Black Scifi 2012 – Conventions We Know and Love

The State of Black Science Fiction 2012

This is the fourth week of the State of Black Science Fiction Blog hop being done in conjunction with the Black Science Fiction Society and Alicia McCalla. Today we were supposed to talk about the science fiction conventions we like to go to and meet other people who share our interest.

I have been a convention attendee for over twenty years. I have been to CreationCon, ComicCon in San Diego, WonderCon in San Francisco, Star Trek Conventions across the country, and numerous local conventions here in the San Francisco Bay Area such as Pantheacon, Kublacon and my personal favorite, Dundracon.

I have been an active Dundracon participant for more than twenty years. Dundracon started humbly about thirty years ago as a convention for fans of fantasy-roleplaying games such as Advanced Dungeons and Dragons. It blossomed and soon began to include many other forms of fantasy, war-gaming, board games, Live Action Roleplaying, seminars and meetings with the Society for Creative Anachronism or SCA. It has become one of the oldest conventions of its kind in Northern California and has been hosted at the Hyatt in Burlingame for at least a decade every President’s Day weekend.

I have enjoyed Dundracon as a participant, playing a variety of games including my favorites of the Hero Systems Games, Chaosium’s Games (Call of Cthulu, Elric, Stormbringer, and Basic Role-Playing), Cyberpunk 2020 and its cousins, Shadowrun. There are hundreds of these games for four days all Dead President’s Day Weekend from Friday at 6:00 PM till Monday at 6:00 PM. Games are played 24 hours a day until the close of the convention; many people play right up until closing.

For most of those years I was a game master or GM and would run games for other attendees. Being a GM is an honored position of both power and trust. People you don’t know will sign up for your game and for 6-12 hours share in a mutual experience that you will create for them and they will participate in with you. This is the element of conventions that I feel makes them most like writing with a bit of directing and even some acting.

A GM must create a series of scenarios, a story, as it were, and create all of the setttings and potential possibilities for how the story MIGHT flow. He then creates a group of adventurers (the players) who come to the game knowing the rules of HOW to play but not having any idea of what they will be doing beyond a simple one paragraph like this one:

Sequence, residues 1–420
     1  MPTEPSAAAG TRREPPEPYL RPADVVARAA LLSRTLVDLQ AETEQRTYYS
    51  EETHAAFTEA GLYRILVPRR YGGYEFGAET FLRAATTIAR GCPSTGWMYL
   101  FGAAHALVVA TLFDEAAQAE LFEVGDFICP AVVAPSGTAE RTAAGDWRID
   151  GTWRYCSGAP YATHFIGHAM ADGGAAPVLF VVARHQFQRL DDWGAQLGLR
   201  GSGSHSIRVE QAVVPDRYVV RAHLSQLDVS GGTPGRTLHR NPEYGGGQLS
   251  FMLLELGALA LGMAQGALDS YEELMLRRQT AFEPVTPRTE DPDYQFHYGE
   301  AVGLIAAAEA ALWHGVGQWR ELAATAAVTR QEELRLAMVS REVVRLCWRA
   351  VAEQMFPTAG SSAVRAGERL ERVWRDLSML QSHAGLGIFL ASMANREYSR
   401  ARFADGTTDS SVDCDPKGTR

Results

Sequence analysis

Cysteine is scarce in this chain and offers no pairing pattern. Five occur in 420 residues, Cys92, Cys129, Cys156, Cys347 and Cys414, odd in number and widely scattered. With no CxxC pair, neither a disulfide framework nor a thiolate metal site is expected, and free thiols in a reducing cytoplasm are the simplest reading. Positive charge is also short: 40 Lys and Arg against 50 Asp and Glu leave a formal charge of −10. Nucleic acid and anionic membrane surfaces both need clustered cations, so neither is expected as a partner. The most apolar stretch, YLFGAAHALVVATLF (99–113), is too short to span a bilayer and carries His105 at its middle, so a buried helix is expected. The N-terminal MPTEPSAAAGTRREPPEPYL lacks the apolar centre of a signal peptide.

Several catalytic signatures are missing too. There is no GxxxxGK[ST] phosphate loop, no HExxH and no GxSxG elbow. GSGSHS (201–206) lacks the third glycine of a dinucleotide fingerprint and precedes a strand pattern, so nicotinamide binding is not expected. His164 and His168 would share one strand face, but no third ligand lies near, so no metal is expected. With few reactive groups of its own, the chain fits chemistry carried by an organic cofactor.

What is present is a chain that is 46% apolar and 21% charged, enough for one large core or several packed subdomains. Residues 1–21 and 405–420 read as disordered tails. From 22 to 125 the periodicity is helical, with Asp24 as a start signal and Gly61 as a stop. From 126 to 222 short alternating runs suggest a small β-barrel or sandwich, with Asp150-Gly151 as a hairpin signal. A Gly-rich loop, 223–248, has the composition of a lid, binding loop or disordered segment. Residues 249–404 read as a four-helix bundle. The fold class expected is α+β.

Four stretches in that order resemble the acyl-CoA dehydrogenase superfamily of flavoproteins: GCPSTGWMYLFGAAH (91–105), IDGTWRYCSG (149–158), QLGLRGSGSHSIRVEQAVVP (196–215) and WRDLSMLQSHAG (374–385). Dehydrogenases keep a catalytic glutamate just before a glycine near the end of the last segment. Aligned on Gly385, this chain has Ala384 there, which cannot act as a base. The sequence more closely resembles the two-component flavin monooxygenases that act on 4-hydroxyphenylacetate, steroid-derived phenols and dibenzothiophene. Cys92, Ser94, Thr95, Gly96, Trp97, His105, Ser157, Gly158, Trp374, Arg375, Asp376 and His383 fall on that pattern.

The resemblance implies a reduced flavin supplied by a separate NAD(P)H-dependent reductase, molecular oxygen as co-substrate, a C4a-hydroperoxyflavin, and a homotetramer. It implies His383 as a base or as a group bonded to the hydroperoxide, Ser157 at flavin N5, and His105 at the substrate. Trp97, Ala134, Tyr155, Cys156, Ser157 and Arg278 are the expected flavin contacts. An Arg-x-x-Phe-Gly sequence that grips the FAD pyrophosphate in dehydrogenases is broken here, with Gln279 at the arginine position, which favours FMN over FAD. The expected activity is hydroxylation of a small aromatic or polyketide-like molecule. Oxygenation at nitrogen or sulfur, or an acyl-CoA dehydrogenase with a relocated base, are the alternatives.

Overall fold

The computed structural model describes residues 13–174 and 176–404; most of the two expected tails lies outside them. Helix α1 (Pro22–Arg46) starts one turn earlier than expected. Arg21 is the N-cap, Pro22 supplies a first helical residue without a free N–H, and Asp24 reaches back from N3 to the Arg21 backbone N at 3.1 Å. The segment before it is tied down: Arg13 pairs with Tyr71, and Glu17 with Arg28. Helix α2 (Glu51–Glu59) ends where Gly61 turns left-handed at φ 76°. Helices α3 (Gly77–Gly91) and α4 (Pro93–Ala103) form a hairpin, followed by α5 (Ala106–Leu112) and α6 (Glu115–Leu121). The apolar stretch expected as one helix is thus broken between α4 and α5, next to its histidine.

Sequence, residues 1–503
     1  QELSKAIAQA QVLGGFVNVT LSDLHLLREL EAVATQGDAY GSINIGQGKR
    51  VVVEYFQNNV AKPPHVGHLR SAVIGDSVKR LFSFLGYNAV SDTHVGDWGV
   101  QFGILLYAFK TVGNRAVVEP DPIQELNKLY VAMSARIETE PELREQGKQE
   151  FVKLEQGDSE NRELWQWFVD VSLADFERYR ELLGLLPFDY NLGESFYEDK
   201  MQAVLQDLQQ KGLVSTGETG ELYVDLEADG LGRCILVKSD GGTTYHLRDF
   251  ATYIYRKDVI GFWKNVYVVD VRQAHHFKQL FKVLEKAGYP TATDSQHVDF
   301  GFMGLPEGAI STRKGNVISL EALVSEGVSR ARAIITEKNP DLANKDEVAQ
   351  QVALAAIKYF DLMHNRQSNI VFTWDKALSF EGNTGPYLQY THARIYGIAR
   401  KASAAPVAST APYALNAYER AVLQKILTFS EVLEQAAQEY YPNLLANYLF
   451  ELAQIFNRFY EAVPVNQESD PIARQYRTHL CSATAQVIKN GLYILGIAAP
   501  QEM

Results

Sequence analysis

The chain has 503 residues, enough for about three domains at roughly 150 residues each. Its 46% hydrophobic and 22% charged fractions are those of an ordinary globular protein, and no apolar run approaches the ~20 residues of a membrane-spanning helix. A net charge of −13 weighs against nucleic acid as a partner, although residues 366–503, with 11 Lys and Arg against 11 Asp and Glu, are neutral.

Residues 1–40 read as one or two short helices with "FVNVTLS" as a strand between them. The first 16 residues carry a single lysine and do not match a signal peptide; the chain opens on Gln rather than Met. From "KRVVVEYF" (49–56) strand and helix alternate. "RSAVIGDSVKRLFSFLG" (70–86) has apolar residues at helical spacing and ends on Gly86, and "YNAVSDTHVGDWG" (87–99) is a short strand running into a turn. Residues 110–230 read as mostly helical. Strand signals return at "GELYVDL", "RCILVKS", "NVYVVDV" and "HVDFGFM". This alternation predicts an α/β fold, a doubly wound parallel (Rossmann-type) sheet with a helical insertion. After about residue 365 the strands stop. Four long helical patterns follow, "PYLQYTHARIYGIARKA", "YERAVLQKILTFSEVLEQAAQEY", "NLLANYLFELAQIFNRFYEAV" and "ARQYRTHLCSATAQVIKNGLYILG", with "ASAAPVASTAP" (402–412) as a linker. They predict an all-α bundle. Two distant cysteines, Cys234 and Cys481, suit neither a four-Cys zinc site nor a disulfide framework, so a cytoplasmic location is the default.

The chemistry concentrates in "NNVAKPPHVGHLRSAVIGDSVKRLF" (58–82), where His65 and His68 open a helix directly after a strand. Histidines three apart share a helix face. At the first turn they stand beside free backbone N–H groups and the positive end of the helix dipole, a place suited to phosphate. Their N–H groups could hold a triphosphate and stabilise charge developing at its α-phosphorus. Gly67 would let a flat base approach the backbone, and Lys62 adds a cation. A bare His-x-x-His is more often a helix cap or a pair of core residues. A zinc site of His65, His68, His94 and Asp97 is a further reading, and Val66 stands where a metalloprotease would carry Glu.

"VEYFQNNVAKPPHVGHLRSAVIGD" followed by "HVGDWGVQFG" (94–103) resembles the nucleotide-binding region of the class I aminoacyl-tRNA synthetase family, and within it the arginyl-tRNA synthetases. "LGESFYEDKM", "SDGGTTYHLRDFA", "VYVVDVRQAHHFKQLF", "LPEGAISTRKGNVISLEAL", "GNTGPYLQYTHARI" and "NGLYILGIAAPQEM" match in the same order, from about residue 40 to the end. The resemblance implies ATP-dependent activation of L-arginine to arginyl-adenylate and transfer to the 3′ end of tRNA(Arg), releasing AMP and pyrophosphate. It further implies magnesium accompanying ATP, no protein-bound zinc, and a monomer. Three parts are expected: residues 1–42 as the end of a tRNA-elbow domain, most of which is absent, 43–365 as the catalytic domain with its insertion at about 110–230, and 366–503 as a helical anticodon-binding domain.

203 Stormy Weather
Type: RPG
System: Cyberpunk 2020
Saturday, 8:00 AM in 149 for 8 hours
GM: Becky Thomas
Characters may be provided by GM
Power Level:
Variations: minor house rules
A Category 5 hurricane will hit Cabo San Lucas in 24 hours. The whole
area is being evacuated, residents and touristas. Your job is a little
counter-corporate espionage. The challenge: stay alive in the
hurricane, avoid the Federales and looters, AND bring back the stolen

The challenge is to have a session where the GM describes the scene, outlines each scenario, and acts out the parts of all the bad guys while the players take on the role of their individual character, working with or sometimes against the goals of the group. The magic happens when a skilled GM finds a group of players who can spontaneously get into their roles well enough that the entire event ends up feeling like a movie. Each person takes on their role, creates their dialog, on the fly, and takes actions that resemble that of heroic adventurers we know and love from cinema and books. Yes, most of the time its goofy, badly done, and easily forgotten, but done right it is as good as anything you have ever read or experienced and because it is not public beyond whoever shows up, can be an shared experience that bonds the group of you together for years.

Make no mistake, playing in a game is tough work. Running a game is tougher. Its akin to writing a novel where characters are completely autonomous and you still have to challenge their decisions and actions, even if they were not what you intended when you wrote the story outline. Often, that is where the fun comes in for the GM. He must be able to change his storyline to deal with creative thinking on the part of his players who might come up with a solution to the problem he didn’t even know could exist. This builds the creative muscle in a way almost nothing else I can think of.

I have been a GM since 1981 when the first versions of Champions and Dungeons and Dragons were published. I have run a series of gaming campaigns that span over a decade with the same and often evolving groups of gamers and we have many shared experiences and late nights running adventures that span a continuum of genres, themes, ideas, stories and game systems. Gaming unfortunately is not an experience done by many People of Color. When I started there might have been one other out of a room of one hundred people. That ratio is much better now and I am often pleased by the increasing number of People of Color and women who are now participating. I remember the arguments about women playing games and how it was thought they would erode the quality of play. That idea is so dead. They are better players and often better GMs as well. Something about how women communicate allows them to see players and story themes that were previously not considered by male GMs, such as storylines involving complex intrigue and dare I say it, romance.